Photo Credit: Johnathon Henninger[/caption] This past weekend, Youth Radio teamed up with young people across the Bay Area, and professionals across tech and design industries, for the My Brother's Keeper Hackathon at Qeyno Labs. Young people kicked off the Hackathon by pitching ideas for apps or websites that would address community needs. Teams then got to work, further developing the framework and design for these ideas. After a weekend of hard work, Hackathon teams presented their app and websites designs. Youth Radio youth and staff led the first and second place winning teams to victory. First place went to an idea pitched by YR Interactive Project Associate Storm White and Jabril Sohan from Contra Costa College. Their team, with support from YR Interactive New Developer Lo Benichou, created the plans for “My Study Buddy,” an app that would provide Peralta College students with resources to plan study groups and build community based on their classes and majors. [caption id="attachment_13167" align="alignleft" width="197"] Prototype for "My Study Buddy"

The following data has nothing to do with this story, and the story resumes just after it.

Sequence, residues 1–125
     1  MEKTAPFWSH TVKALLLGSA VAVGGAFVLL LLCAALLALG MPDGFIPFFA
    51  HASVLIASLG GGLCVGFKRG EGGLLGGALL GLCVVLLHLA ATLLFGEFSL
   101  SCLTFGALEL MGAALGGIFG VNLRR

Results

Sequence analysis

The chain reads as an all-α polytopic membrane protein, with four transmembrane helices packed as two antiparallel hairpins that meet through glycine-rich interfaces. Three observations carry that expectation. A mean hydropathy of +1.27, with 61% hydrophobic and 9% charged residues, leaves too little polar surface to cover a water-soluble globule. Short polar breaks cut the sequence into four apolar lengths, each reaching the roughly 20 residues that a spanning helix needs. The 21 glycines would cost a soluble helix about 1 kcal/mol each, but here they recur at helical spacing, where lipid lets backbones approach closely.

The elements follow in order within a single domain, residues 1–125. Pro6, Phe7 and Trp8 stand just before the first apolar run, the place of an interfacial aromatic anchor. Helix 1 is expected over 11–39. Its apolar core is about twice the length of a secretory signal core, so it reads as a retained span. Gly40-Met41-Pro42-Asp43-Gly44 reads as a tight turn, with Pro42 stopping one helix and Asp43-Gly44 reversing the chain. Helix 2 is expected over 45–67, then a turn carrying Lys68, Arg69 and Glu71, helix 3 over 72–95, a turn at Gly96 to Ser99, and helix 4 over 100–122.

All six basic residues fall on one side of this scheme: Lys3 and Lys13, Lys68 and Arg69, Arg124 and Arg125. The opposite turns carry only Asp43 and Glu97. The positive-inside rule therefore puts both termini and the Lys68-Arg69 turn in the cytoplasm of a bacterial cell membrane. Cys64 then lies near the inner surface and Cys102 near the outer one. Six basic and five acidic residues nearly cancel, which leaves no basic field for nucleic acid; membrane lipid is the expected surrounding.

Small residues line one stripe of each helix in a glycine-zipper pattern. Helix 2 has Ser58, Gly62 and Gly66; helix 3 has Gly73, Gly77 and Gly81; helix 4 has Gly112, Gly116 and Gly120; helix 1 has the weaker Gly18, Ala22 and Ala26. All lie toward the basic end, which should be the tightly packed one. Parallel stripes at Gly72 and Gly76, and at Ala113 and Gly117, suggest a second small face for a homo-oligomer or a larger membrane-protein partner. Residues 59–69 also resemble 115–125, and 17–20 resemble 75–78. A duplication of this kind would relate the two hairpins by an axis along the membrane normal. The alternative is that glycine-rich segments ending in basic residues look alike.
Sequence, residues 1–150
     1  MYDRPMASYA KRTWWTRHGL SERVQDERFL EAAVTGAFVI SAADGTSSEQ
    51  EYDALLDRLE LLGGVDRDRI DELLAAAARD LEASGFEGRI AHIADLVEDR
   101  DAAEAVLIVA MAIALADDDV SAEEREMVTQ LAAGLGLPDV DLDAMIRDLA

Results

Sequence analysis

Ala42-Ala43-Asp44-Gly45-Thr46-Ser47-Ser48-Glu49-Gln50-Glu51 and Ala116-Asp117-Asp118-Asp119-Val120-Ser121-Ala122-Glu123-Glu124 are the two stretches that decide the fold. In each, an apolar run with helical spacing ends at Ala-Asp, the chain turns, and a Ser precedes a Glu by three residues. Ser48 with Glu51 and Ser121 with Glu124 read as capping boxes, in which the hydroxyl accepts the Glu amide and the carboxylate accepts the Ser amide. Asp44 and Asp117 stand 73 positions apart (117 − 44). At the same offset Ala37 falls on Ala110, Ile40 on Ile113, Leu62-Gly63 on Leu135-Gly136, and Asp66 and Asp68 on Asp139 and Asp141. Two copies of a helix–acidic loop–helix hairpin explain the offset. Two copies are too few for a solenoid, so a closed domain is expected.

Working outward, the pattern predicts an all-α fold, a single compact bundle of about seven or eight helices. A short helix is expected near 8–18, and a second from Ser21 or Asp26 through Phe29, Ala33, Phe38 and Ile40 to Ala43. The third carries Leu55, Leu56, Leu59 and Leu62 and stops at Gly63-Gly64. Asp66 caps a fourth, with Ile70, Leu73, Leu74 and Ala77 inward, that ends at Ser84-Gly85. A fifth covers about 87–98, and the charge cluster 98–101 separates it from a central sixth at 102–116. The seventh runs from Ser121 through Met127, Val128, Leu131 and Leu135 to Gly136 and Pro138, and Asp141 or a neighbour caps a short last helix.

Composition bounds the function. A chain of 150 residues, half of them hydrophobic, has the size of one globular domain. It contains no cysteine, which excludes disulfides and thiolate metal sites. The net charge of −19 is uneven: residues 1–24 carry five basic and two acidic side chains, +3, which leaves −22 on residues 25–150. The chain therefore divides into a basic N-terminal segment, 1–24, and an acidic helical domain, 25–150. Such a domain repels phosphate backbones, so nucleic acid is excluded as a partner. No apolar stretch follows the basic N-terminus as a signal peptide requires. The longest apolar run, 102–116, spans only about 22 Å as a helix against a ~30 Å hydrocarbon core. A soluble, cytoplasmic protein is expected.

Designed by YRI's Storm and Lo[/caption] Storm was even featured in USA Today for the idea. The story talked about her aspirations to combine graphic design with computer science to “figure out how computers work and how I can artistically manipulate technology." The second placed winning team, which included YR Interactive Manager Asha Richardson, brought 8th grader Haji Conda’s "Fund Me PC" to life. This website aims to bridge the digital divide by allowing students to create crowdfunding campaigns for needed computers, which people could donate via the website or text message. Other app ideas included a game to make history fun; “happy for life," an app where young people could notify their friends when they are feeling down and send affirmations to support each other; and an app to make youth feel more safe in their communities. Youth Radio Interactive was proud to be a part of this wonderful experience collaborating with young people and professionals across different career and education paths.